On June 14, the Chicago Police Department addressed community members about the issue of missing women and girls after social media users shared posts speculating that six of these cases were linked to each other and that the bodies of Smith and Davis were mutilated, the Chicago Tribune reported. There are no official reports that the victims were dismembered and the Cook County medical examiner’s office has not yet determined their causes of death, according to the Tribune.

“Somehow the community has linked all six and there’s just no evidence of that,” Superintendent Eddie Johnson said at the meeting, according to the paper. “Then the community calls us with bogus tips. They think they’re helping. Those 1,000 tips are unrelated. We have to chase all those down.”

Yet of all the cases at the center of the public’s concern, Smith and Davis’ deaths do have a possible connection, according to the police department. On June 12, WGN9 reported that a dead body found in a garage was identified as Smith, who was reported missing on May 25. Davis’ body was found in an abandoned building on May 11 after she was reported missing on April 25, WLS reported. Police said both were with the same man before they were reported missing, the Tribune reported. As of June 15, this unidentified man was being held on unrelated charges in Tennessee.

Courtesy Love & Struggle Photos

“He is someone we want to talk to … based on the fact that we have this connection,” Deputy Chief Brendan Deenihan said at the community meeting, according to the Tribune. “Regardless of the classification, both are receiving the attention that a homicide would.”

Of those black women and girls who were reported missing since March, at least four have been found safe. Daquata Shannon, 16, was reported missing on April 4 and was found on Sunday, according to the Chicago Sun-Times. Lunetha Harrison, 55, was last seen on May 6 and was reported found on Monday, the Sun-Times reported. Victoria Garrett was reported missing on June 5 and was home the next day, WGN9 reports. Fowsia Ibrahim, 14, went missing on June 17, WLS reported, and was reported found on Tuesday.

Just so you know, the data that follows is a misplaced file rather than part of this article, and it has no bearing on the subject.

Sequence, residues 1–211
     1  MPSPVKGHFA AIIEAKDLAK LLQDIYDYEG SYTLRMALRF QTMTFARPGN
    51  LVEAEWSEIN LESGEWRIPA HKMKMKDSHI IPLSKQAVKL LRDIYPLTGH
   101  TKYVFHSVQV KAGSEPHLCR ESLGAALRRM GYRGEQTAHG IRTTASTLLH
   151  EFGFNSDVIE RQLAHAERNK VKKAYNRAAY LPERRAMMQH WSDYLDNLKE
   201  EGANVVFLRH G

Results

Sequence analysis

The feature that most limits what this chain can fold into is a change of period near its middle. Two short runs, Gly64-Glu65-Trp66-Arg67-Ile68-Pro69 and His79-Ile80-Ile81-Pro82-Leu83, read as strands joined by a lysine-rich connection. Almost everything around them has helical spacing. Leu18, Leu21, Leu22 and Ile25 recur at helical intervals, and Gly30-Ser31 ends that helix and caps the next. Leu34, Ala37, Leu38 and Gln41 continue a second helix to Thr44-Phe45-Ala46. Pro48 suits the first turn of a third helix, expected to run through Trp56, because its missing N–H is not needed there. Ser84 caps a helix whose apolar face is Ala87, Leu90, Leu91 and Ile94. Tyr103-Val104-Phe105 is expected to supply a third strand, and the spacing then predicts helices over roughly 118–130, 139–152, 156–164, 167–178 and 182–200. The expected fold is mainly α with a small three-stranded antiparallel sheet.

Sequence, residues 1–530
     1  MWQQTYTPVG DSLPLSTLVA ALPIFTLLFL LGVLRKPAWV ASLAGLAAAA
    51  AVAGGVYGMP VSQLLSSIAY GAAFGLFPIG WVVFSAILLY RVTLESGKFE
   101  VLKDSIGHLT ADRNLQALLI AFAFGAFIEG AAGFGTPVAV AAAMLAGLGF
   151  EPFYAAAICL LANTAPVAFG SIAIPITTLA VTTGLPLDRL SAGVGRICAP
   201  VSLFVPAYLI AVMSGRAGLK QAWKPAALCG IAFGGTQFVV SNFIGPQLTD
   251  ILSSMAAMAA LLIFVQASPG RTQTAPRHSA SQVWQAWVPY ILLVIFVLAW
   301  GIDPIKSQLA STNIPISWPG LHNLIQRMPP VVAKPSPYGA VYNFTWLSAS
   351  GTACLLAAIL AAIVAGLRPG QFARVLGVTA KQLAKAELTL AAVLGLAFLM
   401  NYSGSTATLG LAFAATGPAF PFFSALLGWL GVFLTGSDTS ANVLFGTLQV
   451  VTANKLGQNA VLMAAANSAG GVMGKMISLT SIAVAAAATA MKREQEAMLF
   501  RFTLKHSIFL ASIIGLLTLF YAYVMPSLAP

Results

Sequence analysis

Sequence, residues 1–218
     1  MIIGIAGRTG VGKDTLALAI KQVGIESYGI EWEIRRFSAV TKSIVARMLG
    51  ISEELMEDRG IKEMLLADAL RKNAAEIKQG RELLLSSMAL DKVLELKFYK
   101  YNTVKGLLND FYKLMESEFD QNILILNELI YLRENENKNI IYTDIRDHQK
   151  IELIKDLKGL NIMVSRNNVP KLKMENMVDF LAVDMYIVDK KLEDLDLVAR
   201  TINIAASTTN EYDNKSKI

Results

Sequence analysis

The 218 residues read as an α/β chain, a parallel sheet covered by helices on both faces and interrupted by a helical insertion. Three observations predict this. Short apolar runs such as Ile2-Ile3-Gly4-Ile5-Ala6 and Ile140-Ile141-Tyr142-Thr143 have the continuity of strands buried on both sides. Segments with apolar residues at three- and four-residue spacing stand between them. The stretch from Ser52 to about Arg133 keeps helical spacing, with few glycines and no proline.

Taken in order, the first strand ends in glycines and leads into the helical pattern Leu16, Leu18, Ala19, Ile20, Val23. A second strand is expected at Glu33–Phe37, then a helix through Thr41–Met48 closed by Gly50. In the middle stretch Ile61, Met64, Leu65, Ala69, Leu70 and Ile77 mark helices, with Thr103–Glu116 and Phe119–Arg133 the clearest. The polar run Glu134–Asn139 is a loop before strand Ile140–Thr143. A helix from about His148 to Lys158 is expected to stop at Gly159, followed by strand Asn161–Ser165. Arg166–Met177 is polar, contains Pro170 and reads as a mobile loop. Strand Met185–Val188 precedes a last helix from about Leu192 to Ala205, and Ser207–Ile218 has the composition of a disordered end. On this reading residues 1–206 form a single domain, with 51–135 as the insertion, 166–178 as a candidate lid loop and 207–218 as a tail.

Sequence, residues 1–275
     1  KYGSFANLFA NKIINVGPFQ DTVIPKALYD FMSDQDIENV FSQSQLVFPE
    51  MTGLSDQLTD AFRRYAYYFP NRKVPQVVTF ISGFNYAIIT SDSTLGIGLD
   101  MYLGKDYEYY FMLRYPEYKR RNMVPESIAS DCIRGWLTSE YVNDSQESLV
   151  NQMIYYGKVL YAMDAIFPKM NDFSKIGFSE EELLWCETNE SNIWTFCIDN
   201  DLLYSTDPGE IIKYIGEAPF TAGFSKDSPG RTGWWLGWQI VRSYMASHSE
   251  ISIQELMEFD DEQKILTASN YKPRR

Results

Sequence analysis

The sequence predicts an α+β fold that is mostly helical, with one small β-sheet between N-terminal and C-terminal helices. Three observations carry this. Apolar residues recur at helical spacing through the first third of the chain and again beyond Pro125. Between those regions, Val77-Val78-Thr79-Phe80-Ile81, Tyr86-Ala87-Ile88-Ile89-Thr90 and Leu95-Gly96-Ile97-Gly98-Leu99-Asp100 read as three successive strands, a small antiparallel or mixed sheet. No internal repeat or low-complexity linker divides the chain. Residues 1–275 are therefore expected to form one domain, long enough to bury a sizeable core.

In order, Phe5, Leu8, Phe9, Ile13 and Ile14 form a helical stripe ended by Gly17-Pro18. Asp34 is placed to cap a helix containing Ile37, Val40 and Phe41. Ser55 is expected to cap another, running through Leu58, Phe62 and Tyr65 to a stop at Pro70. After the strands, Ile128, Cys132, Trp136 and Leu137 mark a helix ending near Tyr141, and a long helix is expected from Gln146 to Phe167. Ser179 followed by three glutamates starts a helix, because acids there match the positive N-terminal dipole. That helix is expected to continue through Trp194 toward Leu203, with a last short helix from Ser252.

While community members continue pushing the Chicago Police Department to investigate the deaths of Smith and Davis, they are also discussing their own solutions for protecting them. Bennett said although nothing is set in stone, ideas have included local organizations creating more activities to engage and empower black girls throughout the summer and fall and also an app that would help inform girls of where they can find safety if need be.

Courtesy of Love and Struggle Photos

“Law enforcement — that’s just one piece of the puzzle, not the whole solution,” Bennet said. “But at the same time they don’t get a pass. Our tax dollars pay for them and we expect the same type of treatment on the South Side of Chicago as the North Shore that’s predominately white.”

As Aziya reflected on organizing her first march, she expressed that she wants to encourage other young people to kickstart movements in their own communities to address social issues.

“We got to start using our voices to be heard and come together,” said the eighth-grader. “If we come together, more stuff would start changing because the only thing changing now is time.”